Effect of Psychosocial Factors on Eating Behaviors and BMI Among African American Women

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Abstract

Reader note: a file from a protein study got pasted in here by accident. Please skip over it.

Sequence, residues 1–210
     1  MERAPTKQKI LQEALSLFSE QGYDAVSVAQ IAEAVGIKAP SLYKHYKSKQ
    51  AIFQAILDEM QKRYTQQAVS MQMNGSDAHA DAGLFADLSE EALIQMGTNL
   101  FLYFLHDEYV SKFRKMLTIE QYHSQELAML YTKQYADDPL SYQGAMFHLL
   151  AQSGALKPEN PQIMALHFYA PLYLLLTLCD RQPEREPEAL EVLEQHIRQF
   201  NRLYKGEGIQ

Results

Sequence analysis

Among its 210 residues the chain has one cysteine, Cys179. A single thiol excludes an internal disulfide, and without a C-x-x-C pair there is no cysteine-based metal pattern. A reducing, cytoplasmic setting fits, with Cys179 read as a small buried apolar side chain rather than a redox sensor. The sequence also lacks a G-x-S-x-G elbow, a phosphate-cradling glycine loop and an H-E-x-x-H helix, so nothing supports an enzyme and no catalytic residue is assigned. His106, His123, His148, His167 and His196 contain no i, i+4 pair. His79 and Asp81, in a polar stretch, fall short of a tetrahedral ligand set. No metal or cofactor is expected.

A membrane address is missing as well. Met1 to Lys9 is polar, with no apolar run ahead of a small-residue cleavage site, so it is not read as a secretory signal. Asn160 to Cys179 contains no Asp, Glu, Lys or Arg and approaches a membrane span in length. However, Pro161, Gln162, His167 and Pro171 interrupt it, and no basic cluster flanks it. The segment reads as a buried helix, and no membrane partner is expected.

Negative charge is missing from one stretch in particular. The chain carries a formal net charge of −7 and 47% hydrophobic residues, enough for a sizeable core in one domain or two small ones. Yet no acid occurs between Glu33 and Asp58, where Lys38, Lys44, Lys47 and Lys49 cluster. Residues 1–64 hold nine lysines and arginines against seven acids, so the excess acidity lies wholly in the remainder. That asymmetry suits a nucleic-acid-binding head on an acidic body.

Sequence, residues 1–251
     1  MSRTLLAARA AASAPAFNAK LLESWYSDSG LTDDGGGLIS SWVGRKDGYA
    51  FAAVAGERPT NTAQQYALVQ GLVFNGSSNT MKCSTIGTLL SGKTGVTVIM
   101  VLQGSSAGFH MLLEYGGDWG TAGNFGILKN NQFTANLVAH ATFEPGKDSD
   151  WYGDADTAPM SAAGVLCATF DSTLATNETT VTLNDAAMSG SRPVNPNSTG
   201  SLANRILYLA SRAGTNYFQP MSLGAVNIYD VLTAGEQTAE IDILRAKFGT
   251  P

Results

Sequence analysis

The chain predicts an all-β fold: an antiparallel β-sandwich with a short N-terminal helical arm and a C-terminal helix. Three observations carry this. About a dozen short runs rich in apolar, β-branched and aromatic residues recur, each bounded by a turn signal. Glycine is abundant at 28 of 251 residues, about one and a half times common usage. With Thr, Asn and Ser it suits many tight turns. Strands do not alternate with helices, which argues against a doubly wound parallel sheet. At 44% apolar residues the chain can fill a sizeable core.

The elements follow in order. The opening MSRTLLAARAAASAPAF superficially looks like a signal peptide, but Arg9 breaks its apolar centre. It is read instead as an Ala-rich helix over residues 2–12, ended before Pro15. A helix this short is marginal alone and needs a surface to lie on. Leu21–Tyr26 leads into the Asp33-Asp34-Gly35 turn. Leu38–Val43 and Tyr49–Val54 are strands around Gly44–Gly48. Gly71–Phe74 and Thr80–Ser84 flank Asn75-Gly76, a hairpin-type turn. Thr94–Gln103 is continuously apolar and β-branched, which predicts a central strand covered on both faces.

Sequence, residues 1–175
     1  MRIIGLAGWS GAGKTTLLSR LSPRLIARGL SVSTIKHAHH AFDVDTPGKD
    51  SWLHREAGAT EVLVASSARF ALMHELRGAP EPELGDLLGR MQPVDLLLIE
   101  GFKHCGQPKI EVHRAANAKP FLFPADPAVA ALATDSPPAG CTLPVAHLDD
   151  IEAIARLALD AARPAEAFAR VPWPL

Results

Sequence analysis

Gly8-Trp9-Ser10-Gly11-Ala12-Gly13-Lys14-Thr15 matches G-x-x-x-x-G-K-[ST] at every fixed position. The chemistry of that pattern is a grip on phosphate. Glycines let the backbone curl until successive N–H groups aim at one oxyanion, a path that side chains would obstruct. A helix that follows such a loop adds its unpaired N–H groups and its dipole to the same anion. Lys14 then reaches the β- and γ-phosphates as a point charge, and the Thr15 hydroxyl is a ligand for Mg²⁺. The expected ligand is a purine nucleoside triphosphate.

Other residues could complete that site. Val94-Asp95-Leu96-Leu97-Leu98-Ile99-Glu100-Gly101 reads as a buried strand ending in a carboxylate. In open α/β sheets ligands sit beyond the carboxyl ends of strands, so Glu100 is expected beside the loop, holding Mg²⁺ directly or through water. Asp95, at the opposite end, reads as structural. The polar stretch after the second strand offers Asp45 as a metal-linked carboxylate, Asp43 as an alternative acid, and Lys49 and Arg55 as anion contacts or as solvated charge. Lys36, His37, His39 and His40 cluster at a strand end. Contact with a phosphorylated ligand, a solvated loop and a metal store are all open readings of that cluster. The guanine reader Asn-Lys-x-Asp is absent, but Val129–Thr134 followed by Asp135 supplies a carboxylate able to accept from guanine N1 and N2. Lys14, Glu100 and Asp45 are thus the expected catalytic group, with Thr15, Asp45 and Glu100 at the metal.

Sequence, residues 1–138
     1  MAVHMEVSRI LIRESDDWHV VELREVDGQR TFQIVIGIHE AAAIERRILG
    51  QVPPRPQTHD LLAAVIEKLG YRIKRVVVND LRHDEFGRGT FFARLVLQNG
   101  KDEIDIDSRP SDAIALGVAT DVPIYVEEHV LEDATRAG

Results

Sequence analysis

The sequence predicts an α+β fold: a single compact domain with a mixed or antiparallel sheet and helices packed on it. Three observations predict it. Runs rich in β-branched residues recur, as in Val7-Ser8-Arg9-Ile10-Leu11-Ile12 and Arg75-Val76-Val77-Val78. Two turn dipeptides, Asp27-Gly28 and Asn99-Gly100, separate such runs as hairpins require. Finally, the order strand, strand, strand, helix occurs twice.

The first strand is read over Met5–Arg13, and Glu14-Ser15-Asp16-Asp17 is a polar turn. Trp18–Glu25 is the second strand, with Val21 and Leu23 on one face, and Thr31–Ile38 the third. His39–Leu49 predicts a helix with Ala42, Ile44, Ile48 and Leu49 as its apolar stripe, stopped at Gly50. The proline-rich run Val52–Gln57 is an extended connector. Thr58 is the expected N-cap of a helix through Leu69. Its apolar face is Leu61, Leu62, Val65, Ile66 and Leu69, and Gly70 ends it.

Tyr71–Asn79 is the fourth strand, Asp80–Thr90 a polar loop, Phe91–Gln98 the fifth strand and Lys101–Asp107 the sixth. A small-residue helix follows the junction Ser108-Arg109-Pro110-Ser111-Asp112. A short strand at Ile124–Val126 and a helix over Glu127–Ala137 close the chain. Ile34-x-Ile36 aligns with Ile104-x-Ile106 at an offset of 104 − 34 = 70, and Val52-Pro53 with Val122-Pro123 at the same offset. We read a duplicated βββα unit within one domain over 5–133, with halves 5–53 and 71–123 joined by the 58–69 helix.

Psychosocial stress and negative emotions have been associated with the consumption of highly palatable foods and excess weight. Few studies have examined these variable relationships among young African American women. The purpose of this cross-sectional study was to examine the relationship of perceived stress, depressive symptoms, eating behaviors, and body mass index (BMI) among 191 African American women who were 18 to 40 years old. Multivariate analysis indicated that depressive symptoms had a greater impact on highly palatable eating behaviors compared with perceived stress. This study extends understanding of depressive symptoms on eating behaviors among young African American women.

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